having a distinct value of that attribute
cf. node label (3.52)
EXAMPLE

In the following, age group is the characteristic of division applied to the concept of people.

people
(people by age group)
children
youths
adults
3.9
citation order

order in which preferred terms (3.62) or notations (3.54) are combined in a pre-coordinate (3.60) indexing

(3.36) system or a classification scheme (3.12) to form strings representing complex concepts (3.17)

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3.10
class

concept (3.17) or group of similar or related concepts (3.17) used as a division or subdivision in a

classification scheme (3.12)

NOTE Classes are the basic units of which a classification scheme is constructed. In a taxonomy, although this is a

type of classification scheme, they are generally known as categories (see 3.5). Occasionally they are described as

“nodes”, although they should not be confused with node labels. The term “class” has a different meaning in the context of

ontologies. See 21.2.2.
3.11
classification
classifying

activity involving the components of grouping similar or related things together, separating dissimilar or

unrelated things, and arranging the resulting classes (3.10) in a logical and helpful sequence

3.12
classification scheme

schedule (3.67) of concepts (3.17) and pre-coordinated (3.60) combinations of concepts (3.17), arranged

by classification (3.11)
NOTE A classification scheme often also includes an index.
3.13
collection

set of information resources that can or could be accessed by a structured vocabulary (3.74), whether the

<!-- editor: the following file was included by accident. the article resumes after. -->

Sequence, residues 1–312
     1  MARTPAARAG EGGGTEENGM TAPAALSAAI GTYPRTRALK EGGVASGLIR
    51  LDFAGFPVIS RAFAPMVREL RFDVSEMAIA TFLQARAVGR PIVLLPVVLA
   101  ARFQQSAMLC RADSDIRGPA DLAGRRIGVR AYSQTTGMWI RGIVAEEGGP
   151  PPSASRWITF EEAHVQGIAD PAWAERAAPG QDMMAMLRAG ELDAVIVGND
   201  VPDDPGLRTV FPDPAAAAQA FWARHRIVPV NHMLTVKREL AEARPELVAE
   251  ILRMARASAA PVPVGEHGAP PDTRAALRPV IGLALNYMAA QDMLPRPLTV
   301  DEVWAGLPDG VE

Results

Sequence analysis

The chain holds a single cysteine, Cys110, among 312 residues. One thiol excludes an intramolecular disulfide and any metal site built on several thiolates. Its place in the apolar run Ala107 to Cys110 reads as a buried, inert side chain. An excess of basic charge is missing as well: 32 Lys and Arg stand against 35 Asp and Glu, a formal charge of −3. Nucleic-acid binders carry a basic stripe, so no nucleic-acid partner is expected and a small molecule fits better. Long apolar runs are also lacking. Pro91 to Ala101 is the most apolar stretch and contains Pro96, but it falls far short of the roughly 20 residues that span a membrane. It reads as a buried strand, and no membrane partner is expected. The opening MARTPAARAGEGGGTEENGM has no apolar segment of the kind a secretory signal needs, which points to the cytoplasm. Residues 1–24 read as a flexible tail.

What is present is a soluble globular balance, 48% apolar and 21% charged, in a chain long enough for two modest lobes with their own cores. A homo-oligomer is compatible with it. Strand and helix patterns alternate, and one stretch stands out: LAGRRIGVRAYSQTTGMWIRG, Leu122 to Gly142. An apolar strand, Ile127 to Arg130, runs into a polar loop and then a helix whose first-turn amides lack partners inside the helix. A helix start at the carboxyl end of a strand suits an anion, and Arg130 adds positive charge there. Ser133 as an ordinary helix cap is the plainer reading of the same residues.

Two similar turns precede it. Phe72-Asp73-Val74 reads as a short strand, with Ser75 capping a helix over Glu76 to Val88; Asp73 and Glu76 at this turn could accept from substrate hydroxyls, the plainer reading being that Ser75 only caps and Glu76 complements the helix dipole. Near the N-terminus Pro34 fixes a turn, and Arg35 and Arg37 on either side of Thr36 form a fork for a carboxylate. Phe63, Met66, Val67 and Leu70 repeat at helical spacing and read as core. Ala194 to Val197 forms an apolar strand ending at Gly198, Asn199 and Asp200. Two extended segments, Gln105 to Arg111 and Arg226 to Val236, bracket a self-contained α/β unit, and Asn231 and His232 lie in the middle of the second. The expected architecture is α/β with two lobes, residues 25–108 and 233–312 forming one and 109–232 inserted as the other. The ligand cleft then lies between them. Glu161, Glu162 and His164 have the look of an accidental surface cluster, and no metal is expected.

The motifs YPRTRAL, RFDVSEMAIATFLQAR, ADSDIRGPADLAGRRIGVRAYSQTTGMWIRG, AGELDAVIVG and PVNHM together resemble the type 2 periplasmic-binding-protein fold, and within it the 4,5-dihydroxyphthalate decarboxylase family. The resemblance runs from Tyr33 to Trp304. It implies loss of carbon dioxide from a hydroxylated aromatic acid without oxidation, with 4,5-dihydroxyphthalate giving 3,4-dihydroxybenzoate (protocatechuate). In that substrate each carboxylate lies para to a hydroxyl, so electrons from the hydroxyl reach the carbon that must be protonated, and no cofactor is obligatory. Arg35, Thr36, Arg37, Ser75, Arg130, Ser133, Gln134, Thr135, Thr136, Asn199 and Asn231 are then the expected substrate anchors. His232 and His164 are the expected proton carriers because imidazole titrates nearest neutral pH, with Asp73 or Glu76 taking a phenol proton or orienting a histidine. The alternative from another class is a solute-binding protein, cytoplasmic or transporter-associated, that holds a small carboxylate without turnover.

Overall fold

items in the set are collected in one place or distributed over a network
3.14
compound equivalence

relationship between terms (3.84) or mapping (3.41) between concepts (3.17) in which one term (3.84) or

concept (3.17) in one context is represented by two or more terms (3.84) or concepts (3.17) in another

3.15
compound heading
pre-coordinated heading

subject heading (3.76) formed by pre-coordination (3.60) of more than one term (3.84) into a string

EXAMPLE

The single terms Buddhism, Mass media and Religious aspects may be combined to form the compound heading

Mass media — Religious aspects — Buddhism.
3.16
compound term
term (3.84) that can be split morphologically into separate components
EXAMPLES
In English:
“copper mines” can be split into “copper” and “mines”
“lawnmowers” can be split into “lawns” and “mowers”
In French:
“mine de cuivre” can be split into “mine” and “cuivre”
“biodiversité” can be split into “biologie” and “diversité”
NOTE Compound terms can be multi-word terms, or can consist of only one word.
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3.17
concept
unit of thought

NOTE Concepts can be expressed in a variety of different ways. They exist in the mind as abstract entities